Original source: Physics World
Breath tests offer the potential for non-invasive detection of cancer at an early stage, when treatment is more likely to be effective. UK researchers have now launched a clinical trial — the PAN Cancer Early Detection Study — to develop a breath test that could indicate the presence of multiple cancer types.
The trial will be run by Cancer Research UK Cambridge Centre in collaboration with Owlstone Medical, which developed the Breath Biopsy technology being used. Breath Biopsy measures volatile organic compounds (VOCs), gaseous molecules that can be sampled quickly from exhaled breath. The trial will evaluate whether Breath Biopsy can differentiate between patients with and without different cancers.
“We urgently need to develop new tools, like this breath test, which could help to detect and diagnose cancer earlier, giving patients the best chance of surviving their disease,” says lead investigator Rebecca Fitzgerald. “Through this clinical trial we hope to find signatures in breath needed to detect cancers earlier — it’s the crucial next step in developing this technology. Owlstone Medical’s Breath Biopsy technology is the first to test across multiple cancer types, potentially paving the way for a universal breath test.”
VOCs are produced as cells carry out biochemical reactions as part of their metabolism. If their metabolism becomes altered, such as in cancer and various other conditions, cells can release a different pattern of VOCs. The researchers aim to use the Breath Biopsy technology to identify these patterns and use them to characterize specific diseases.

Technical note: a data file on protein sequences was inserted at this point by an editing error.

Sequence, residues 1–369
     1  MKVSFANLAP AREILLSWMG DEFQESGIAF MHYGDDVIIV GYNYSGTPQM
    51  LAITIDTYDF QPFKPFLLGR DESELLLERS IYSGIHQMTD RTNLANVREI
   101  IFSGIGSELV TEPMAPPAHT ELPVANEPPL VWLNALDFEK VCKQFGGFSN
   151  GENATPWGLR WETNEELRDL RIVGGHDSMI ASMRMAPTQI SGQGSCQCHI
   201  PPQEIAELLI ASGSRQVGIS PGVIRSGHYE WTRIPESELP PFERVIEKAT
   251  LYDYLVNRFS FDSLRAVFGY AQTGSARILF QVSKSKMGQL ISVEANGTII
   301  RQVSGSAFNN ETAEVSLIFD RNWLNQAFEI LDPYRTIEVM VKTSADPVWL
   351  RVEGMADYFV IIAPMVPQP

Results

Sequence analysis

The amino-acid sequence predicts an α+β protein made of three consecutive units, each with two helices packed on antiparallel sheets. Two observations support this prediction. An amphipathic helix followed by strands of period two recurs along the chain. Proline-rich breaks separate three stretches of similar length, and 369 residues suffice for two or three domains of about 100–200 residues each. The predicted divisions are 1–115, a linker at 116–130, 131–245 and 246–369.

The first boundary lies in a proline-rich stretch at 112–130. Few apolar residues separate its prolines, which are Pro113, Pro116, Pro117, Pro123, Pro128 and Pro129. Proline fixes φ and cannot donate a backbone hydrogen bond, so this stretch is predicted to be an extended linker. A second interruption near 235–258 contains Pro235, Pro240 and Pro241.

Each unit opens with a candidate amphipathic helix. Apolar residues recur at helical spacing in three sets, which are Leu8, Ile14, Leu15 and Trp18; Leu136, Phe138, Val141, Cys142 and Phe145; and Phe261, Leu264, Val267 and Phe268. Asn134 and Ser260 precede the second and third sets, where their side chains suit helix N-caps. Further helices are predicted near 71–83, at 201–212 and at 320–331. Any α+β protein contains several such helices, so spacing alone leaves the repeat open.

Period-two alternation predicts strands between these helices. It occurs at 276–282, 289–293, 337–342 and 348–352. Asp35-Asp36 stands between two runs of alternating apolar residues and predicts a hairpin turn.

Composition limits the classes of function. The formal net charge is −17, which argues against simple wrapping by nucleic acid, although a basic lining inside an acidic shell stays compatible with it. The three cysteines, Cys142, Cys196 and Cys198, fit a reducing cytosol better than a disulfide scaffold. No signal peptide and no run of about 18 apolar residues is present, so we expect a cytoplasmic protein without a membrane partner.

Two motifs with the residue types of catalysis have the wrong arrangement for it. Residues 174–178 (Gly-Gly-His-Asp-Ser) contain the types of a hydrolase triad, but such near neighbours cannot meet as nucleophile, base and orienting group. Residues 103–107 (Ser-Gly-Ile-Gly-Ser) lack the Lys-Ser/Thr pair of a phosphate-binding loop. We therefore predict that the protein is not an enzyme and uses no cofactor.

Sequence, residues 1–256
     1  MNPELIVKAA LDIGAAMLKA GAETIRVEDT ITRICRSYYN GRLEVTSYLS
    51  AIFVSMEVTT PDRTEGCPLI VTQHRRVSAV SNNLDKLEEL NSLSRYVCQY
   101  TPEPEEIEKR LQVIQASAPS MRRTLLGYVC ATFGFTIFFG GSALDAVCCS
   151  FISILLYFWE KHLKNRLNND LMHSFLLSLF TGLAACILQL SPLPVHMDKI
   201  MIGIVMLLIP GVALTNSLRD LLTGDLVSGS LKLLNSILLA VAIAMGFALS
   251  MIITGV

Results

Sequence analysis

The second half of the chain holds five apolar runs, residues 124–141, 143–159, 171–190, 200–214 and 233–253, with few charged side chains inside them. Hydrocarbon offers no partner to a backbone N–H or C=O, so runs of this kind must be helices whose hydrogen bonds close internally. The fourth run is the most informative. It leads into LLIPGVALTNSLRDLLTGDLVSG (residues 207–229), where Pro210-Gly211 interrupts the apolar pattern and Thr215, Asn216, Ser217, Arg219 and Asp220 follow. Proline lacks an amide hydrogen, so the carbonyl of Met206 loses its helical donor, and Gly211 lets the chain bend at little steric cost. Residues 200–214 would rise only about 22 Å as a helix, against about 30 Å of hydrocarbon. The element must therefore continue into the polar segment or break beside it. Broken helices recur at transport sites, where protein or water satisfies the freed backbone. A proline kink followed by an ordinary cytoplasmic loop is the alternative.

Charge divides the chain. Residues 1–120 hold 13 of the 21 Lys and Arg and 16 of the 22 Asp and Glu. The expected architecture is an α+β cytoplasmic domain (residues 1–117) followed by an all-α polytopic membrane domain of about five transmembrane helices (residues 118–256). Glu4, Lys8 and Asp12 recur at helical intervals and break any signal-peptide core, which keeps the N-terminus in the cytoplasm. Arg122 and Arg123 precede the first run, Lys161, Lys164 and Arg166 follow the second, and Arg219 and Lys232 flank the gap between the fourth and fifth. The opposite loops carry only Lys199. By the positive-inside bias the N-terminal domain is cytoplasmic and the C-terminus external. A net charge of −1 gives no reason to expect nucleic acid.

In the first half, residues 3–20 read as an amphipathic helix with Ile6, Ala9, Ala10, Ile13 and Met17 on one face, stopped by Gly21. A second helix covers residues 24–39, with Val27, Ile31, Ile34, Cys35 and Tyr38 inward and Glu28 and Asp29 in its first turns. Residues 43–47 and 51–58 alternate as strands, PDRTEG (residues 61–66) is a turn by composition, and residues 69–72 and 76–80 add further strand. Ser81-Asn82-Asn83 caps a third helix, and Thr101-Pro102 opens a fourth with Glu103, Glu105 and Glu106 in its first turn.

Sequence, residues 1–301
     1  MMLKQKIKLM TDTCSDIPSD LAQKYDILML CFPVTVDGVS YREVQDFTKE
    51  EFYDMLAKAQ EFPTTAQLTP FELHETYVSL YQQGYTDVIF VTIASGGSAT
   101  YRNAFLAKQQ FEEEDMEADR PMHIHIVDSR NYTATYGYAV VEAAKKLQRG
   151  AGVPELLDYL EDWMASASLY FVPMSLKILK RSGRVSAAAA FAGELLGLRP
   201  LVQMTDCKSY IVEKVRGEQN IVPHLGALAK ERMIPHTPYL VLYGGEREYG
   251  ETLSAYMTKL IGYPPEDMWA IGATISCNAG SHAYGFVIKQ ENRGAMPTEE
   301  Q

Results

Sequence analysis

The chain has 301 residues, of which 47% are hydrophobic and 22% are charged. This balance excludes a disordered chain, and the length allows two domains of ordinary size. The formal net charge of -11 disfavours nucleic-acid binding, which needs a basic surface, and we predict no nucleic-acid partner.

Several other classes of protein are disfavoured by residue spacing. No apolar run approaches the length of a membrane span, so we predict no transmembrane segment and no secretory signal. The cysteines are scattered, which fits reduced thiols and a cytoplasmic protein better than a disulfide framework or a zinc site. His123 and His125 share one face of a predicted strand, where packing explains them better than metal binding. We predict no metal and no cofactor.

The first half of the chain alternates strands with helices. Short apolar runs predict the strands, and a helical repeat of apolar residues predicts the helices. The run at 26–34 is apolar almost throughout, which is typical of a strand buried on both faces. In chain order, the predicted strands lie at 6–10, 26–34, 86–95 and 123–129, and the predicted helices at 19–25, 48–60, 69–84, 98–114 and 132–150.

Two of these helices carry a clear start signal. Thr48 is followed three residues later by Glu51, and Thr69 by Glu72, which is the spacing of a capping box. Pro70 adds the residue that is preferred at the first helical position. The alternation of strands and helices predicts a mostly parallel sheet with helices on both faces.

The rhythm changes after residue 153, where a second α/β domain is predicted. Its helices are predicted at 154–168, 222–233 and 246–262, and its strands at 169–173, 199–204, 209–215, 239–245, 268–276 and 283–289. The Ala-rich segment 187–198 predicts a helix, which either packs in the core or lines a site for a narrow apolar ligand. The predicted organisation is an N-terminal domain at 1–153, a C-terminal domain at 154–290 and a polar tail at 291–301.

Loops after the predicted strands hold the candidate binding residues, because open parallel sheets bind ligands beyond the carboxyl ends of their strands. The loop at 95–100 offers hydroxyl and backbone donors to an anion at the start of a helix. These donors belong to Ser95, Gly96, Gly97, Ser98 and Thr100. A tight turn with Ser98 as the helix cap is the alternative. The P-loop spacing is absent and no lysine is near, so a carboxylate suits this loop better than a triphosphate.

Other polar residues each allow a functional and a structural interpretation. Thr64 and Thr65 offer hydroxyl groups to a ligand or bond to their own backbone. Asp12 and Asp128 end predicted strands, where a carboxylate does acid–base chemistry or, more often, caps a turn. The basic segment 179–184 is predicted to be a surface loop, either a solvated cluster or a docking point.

The researchers plan to collect samples from 1500 participants, including healthy controls, to analyse VOCs in the breath for signals of different cancer types. Patients will breathe into the system for 10 minutes to provide a sample that will then be processed in Owlstone Medical’s Breath Biopsy laboratory. The trial will start with patients with suspected oesophageal and stomach cancers and then expand to prostate, kidney, bladder, liver and pancreatic cancers in the coming months.
VOCs originating from all parts of the body are captured in breath, making the approach applicable to a wide range of diseases. By looking across multiple cancer types, this trial will help determine whether cancer signals are similar or different, and how early these signals can be detected.
As the trial progresses, some participants will go on to be diagnosed with cancer, and their samples will be compared with those who don’t develop the disease. If the technology proves able to accurately identify cancer, the team hopes that it could in future be used in GP practices to determine whether to refer patients for further diagnostic tests.
“There is increasing potential for breath-based tests to aid diagnosis, sitting alongside blood and urine tests in an effort to help doctors detect and treat disease,” explains Owlstone Medical’s CEO Billy Boyle. “The concept of providing a whole-body snapshot in a completely non-invasive way is very powerful and could reduce harm by sparing patients from more invasive tests that they don’t need.”
David Crosby, head of early detection research at Cancer Research UK, notes that technologies such as this breath test have the potential to revolutionize the future detection and diagnosis of cancer. “Early detection research has faced an historic lack of funding and industry interest, and this work is a shining example of Cancer Research UK’s commitment to reverse that trend and drive vital progress in shifting cancer diagnosis towards earlier stages,” he says.